The history is generally told from the 80s to refer to the appearance of 3D printers. However, the origin dates back many years including events that predate 3D printers until they were useful.

History before history

The first ideas related to the automatic recreation of objects in their three dimensions were born in the 19th century. The French sculptor François Willème developed and patented the process called Photoescuplture in 1860, which consisted of placing 24 cameras to take simultaneous photographs that built a three-dimensional image. In 1892, Joseph Blanther developed three-dimensional maps and patented them, using a layering method similar to the technique used by 3d printers today.

First attempts

In 1981 the first project appeared in Japan with a patent from the Nagoya Institute, directed by Hideo Kodoma, who intended to create solid pieces by hardening photopolymer with UV light.This project was never developed like that of some French Alcatel workers: Alain Méhauté and Oliver de Witte. His proposal was to produce complex parts in a faster and easier way. De Witte, an expert in working with lasers, discovered that laser polymerization might be possible to cure liquids, so they turned for support to their friend Jean-Claude André, who worked at the French National Center for Scientific Research ( CNRS), this company never approved the project because they considered that it had no potential in other areas.

The 80s, the decade of the born of 3D printing

The second half of the 80s mark a milestone in the history of 3D printing as an industry, during these years, patents and companies were created that officially materialize the SLA, SLS and FDM 3D printing technology.

The beginning of SLA 3D printing

Chuck Hull invented stereolithography (SLA) in 1984, a layered 3D printing method using the laser as a synthesizer.Hull patented his invention and founded 3D Systems in 1986 being the first 3D printing company and the first to offer a commercial SLA printer with the launch of the SLA-1 model.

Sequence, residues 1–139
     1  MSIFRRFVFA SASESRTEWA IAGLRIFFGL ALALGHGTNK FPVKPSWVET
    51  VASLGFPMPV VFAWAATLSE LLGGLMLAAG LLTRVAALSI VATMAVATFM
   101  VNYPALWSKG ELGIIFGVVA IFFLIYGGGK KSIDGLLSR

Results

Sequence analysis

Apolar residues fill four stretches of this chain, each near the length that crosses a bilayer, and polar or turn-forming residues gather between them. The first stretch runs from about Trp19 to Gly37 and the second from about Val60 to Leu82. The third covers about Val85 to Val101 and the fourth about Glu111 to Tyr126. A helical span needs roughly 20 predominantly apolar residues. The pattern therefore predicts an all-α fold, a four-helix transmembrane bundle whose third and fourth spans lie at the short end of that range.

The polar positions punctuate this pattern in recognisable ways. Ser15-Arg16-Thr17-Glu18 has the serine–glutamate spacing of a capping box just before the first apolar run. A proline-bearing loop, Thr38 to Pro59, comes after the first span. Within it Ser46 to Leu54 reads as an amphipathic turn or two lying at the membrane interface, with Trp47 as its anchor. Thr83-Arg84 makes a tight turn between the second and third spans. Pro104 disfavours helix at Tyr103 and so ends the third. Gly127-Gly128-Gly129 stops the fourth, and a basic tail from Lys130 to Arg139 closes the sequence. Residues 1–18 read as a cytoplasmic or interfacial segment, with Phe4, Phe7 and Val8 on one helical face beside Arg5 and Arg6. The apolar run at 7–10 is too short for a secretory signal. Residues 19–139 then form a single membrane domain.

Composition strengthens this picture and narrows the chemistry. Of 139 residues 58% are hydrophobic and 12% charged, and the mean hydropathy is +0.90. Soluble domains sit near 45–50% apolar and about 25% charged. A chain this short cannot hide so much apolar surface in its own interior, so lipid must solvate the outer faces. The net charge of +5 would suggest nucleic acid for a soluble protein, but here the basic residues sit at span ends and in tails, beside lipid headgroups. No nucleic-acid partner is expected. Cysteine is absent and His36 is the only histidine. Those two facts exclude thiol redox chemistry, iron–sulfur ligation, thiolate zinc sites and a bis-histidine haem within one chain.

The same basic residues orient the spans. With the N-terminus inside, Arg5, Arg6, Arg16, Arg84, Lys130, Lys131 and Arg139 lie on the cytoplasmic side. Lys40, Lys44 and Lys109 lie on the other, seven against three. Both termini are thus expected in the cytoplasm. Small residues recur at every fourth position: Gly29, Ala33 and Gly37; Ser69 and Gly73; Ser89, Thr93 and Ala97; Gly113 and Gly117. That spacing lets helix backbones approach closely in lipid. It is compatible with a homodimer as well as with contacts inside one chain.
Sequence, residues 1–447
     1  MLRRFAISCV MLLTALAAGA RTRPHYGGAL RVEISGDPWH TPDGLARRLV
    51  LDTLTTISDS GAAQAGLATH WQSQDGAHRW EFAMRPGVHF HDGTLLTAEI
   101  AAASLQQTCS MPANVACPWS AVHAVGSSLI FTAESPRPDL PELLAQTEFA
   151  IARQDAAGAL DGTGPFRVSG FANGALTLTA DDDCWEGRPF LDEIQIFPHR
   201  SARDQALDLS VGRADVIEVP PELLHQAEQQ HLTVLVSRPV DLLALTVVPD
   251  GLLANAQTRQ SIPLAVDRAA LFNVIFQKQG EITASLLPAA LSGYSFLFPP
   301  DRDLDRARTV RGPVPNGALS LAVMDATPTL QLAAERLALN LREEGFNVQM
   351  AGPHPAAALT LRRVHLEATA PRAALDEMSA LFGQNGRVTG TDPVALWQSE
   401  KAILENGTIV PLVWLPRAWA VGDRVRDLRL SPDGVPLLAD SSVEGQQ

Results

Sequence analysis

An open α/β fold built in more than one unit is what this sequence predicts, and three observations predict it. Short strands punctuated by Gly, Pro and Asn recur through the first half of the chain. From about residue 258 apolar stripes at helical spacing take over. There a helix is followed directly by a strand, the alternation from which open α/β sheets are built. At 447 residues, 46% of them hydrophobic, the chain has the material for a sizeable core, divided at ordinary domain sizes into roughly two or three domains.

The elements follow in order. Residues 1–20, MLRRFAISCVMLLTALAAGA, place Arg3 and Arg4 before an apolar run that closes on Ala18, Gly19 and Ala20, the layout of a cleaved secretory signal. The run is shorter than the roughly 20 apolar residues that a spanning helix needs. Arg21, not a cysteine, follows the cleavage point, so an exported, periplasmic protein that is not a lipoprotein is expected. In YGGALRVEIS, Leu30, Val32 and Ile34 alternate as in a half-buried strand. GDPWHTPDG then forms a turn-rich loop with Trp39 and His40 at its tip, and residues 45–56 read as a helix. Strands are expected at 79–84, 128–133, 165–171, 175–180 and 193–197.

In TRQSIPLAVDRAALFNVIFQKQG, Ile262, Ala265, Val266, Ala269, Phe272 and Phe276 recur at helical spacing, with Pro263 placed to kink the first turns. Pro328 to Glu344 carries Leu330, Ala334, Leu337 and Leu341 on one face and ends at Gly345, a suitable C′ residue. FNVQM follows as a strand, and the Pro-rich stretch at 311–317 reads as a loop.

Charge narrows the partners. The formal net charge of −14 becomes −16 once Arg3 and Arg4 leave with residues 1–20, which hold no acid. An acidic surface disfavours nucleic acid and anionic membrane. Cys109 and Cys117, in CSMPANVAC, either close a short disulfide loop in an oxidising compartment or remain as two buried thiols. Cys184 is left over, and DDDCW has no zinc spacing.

Welcome SLS 3D printing

In 1987 Carl Deckard, a researcher at the University of Texas, created the first alternative 3D printing system with selective laser synthesizing (SLS). The machine devised by Deckard is called Betsy and works with a laser like Hull's, but synthesizes powder instead of liquid resin. The SLS 3D printer model didn't reach the commercial world until 2006, so great advances are expected for this type of printer in the future.

Birth of 3D FDM printing

In 1988 S. Scott and Lisa Crump patented fused deposition modeling (FDM) and founded Stratasys the following year. The method of this printer, which is the best known today, was born from Scott Crump's desire to create a toy for his daughter using a paint gun filled with hot wax and thermoplastics.This technique didn't work, but it led him to think how to carry out the same process through the superposition of thermoplastic layers; from there arise the method that is based on heating the filament to be extruded through a nozzle that is deposited on a hot platform.

3D printing in different professional areas

In the 90's companies like 3D Systems Corporation, Stratasys, Z-Corporation, ARCAM and Object Geometries appeared and started with 3D bioprinting, with the creation of the first organ in a laboratory developed by scientists at the Wake Forest Institute of Medicine, using a technique based on the regeneration of organs with their own cells.

A new century for 3D printing

3D printers were still an expensive product in the 21st century. However, it was reaching new sectors such as: construction, jewelry, automotive, among others. But it isn't until the advent of open source 3D printers in 2005 that another milestone is marked in the history of 3D printing. Here appears the RepRap initiative with Adrian Bowyer, this project proposes to create an open source 3d printer where you can print your own parts to make new prints. However, the Fab@Home project is the one that brings the first open source 3D printer to the market, allowing access to 3D printers to ordinary people in their homes or study centers, starting the maker movement as a hobby of 3D printing.

Access to 3D printers increased in 2009 thanks to the Makerboy company with the first 3D printer kit that allows the user to buy 3D printers in pieces to be assembled and calibrated by themselves, lowering costs.

Although we don't know exactly the future of 3D printers, we can predict that the history of 3D printers is just beginning, due to the examples that we constantly see of what these machines are capable of.

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